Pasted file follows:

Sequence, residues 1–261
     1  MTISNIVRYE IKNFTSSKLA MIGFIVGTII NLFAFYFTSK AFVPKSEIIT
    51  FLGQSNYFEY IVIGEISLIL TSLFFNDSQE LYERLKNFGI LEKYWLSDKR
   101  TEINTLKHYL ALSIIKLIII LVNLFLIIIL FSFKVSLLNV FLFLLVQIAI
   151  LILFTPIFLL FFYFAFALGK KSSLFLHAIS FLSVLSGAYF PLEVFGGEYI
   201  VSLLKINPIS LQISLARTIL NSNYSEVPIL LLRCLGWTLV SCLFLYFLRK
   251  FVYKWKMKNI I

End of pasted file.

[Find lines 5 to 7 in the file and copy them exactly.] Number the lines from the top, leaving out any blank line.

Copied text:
   151  LILFTPIFLL FFYFAFALGK KSSLFLHAIS FLSVLSGAYF PLEVFGGEYI
   201  VSLLKINPIS LQISLARTIL NSNYSEVPIL LLRCLGWTLV SCLFLYFLRK
   251  FVYKWKMKNI I